Company title was the answer to the property law problem of airspace subdivision prior to the implementation of Conveyancing (Strata Titles) Act 1961. Company title was a system of ownership where the owner does not actually acquire an estate or interest in real estate. What is actually owned is a number of shares in a company. That company owns the building and land as a whole. Each owner of shares would be assigned certain rights of exclusive use for their apartment.
What are the problems?
The Conveyancing (Strata Titles) Act 1961, provided a legal framework that protects all parties through standard contracts and by-laws, material fact disclosures and specialised dispute resolution courts. Within the legal framework of company title these automatic protections do not automatically apply. The levels of dispute resolution rely ultimately on the nature of the dispute. Some may need to be judged at the NSW supreme court by the blunt legislation of the Corporations Act 2001.
It has been noted that in some instances the banks and other lending institutions can be reluctant to lend as much for company title units. This can catch out cash-strapped first home buyers.
Restrictive v Open Company Title
Company title corporations generally come in two forms. The first, generally act and breathe like a strata title scheme where owners are free to do as they please with their respective unit. The other, is somewhat more restrictive. These restrictions can include rental exclusions whereby an owner must live in the unit for a period. This is usually a year or two before they are able to lease it to a tenant.
Owners and tenants may need to be approved by the board of directors of the company title scheme. Changes to any company title require a consensus of over 50%. In a small block this can mean majority ownership of a few can vastly impact the quality of life for others in the building. This can be countered by the oppressive conduct clause in the Corporations Act. However, this is a blunt instrument and many disputes and issues can fall through the cracks.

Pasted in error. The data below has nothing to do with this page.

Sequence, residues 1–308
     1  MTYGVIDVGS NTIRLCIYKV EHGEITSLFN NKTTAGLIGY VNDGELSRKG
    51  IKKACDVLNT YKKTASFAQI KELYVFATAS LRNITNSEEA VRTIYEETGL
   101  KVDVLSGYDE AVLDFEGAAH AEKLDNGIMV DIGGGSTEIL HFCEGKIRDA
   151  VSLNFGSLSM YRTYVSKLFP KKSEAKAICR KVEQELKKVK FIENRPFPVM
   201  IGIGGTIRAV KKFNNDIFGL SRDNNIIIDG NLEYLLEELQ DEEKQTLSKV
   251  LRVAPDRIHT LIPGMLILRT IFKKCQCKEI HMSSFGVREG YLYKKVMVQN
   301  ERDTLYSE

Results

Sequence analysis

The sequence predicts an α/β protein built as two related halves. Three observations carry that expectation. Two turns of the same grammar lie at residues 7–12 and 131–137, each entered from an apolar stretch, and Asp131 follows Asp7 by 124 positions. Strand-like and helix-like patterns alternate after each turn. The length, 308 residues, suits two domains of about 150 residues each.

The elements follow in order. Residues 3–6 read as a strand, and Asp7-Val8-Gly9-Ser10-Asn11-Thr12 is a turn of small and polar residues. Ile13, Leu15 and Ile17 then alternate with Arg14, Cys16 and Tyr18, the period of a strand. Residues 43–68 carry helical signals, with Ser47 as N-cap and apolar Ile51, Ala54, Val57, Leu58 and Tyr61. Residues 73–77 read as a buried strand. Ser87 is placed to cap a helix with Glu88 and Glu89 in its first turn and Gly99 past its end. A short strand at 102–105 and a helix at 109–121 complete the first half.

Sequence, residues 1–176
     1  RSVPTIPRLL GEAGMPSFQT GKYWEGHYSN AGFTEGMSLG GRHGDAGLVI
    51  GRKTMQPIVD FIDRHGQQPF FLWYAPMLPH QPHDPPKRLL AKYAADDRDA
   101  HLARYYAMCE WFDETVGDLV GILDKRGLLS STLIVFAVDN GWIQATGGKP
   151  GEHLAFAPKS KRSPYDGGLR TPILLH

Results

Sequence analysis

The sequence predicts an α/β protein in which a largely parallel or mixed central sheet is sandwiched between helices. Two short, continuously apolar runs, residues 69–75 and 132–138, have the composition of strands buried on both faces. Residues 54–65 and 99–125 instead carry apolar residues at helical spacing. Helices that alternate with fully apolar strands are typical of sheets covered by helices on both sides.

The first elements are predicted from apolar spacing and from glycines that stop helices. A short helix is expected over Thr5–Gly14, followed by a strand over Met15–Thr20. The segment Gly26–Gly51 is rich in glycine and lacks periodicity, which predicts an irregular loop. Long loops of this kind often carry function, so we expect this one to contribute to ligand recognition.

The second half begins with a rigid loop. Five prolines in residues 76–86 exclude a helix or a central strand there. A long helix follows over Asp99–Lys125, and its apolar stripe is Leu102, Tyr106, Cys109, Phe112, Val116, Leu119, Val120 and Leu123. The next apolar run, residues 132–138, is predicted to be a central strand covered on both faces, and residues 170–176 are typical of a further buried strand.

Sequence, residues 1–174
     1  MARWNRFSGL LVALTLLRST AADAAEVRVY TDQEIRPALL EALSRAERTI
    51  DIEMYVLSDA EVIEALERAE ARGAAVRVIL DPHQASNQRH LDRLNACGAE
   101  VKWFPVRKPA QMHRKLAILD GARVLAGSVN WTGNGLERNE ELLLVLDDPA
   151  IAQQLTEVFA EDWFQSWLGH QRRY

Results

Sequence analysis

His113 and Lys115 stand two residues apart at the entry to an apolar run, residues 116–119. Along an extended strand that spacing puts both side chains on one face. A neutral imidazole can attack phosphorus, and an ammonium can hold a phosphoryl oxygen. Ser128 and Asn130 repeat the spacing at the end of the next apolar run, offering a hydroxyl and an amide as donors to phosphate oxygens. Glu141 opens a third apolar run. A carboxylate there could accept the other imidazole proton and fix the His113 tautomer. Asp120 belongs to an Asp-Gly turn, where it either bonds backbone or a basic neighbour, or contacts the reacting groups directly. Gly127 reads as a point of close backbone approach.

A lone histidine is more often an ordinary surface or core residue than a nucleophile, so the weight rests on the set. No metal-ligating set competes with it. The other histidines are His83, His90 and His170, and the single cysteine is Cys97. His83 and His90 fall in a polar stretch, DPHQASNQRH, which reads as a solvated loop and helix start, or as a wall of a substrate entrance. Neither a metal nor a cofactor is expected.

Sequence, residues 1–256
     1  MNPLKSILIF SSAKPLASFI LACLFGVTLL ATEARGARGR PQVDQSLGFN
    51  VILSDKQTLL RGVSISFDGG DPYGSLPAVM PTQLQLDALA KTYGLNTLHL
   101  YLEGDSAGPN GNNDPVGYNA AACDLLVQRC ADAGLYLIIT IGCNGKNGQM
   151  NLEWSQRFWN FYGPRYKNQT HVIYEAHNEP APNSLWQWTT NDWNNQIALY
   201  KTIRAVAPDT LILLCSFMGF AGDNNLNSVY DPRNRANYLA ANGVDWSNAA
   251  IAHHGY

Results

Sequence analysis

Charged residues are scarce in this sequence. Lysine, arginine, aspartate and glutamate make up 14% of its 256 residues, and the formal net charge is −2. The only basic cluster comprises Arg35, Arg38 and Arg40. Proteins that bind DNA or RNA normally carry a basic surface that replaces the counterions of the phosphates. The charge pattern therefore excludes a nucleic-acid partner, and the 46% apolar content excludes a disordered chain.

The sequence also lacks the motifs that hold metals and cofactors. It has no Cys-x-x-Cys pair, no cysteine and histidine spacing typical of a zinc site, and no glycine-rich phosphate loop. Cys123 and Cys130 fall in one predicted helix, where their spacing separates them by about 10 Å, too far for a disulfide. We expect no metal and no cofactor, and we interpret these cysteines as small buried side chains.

The penalties for non-compliance with company title by-laws or non-payment of company contributions (the equivalent of strata fees). They can be as strict as the resumption of shares which could effectively evict the owner. Upon the transfer of shares, the process of securing all relative information including company financial documents, meeting minutes, and proposed changes can be difficult. Therefore prospective buyers may not be privy to all relevant information in helping them make the decision for them to buy and for how much.
Conversion to Strata Title
Of course, the silver lining is the possible conversion to strata title. This is the natural progression of all company titled buildings. This has overnight value uplift for all shareholders. However, this is not always a simple proposition to all the shareholders due to the nature of a typical company title owner. Firstly, they tend to be elderly having tenured the unit over decades living off a fixed income usually the pension. They have a reluctance toward unnecessary changes especially those that they may not be able to enjoy themselves. Conversion to strata title will mean an additional cost for the development application This includes adherence to a fire compliance certificate and a process that could take years to complete.
Lastly, some owners do enjoy having the power of control over others in a morbid sociopathic way. In which they would refuse to give away control and already have majority control to ensure it never happens.
What you can do
Treading carefully around every property purchase is imperative but a little extra around the company title unit is a must. As these units generally trade at a discount. There is a financial incentive to brush small barriers such as missing company documents, or easily accept restrictive by-laws without fully understanding the potential consequences. Remember, purchasing the right property can set you on the path to wealth creation. Whereas the wrong property can be a noose around your neck. When it comes to company title, be prepared to walk away if there is missing information, or a restrictive scheme. If the scheme is quite restrictive there is probably not a high chance that they would be open to a strata title conversion.